Yet another show with an Asian fighter in action is being held in Quebec, where fast rising Kazakh prospect Sadriddin Akhmedov (10-0, 9) takes on rugged Argentinian Jose Antonio Villalobos (12-5-2, 7). Akhmedov missed quite a bit of this year, whilst he recovered from injury and got married, but has still been busier than most and has began answering more and more questions, proving his stamina, his ability to box and move and that he can box on the back foot. There are still areas for him to work on, but for a 21 year old kid his incredibly impressive and a win here is seen as a formality before a potentially huge 2020. Villalobos will be there to try and ask questions of Akhmedov but we really don't see this as anything but an easy win for the talented Kazakh.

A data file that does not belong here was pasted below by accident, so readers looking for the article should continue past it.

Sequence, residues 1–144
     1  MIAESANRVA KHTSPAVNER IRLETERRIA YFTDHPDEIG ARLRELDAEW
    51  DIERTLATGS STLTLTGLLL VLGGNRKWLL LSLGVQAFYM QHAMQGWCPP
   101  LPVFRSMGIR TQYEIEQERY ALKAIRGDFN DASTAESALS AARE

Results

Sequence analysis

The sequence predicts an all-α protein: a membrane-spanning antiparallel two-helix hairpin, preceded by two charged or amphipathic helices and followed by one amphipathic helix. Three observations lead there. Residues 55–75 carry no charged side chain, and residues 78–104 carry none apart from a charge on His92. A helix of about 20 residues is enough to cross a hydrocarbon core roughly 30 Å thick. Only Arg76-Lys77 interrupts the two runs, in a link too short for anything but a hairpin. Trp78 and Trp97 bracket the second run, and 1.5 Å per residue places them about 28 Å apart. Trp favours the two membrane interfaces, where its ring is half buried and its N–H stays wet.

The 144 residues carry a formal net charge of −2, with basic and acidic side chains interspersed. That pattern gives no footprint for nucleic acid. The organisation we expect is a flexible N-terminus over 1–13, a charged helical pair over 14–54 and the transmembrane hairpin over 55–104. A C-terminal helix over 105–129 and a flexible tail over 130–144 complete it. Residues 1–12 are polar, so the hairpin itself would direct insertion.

Diriyah, Saudi Arabia
On a show that features more morally objectionable content that we can remember for a boxing card, including 4 fighters who have failed drug tests and the show taking place in a country with a terrible history human rights, we'll see Azeri fighter Mahammadrasul Majidov (1-0, 1) take on Tom Little (10-7, 3).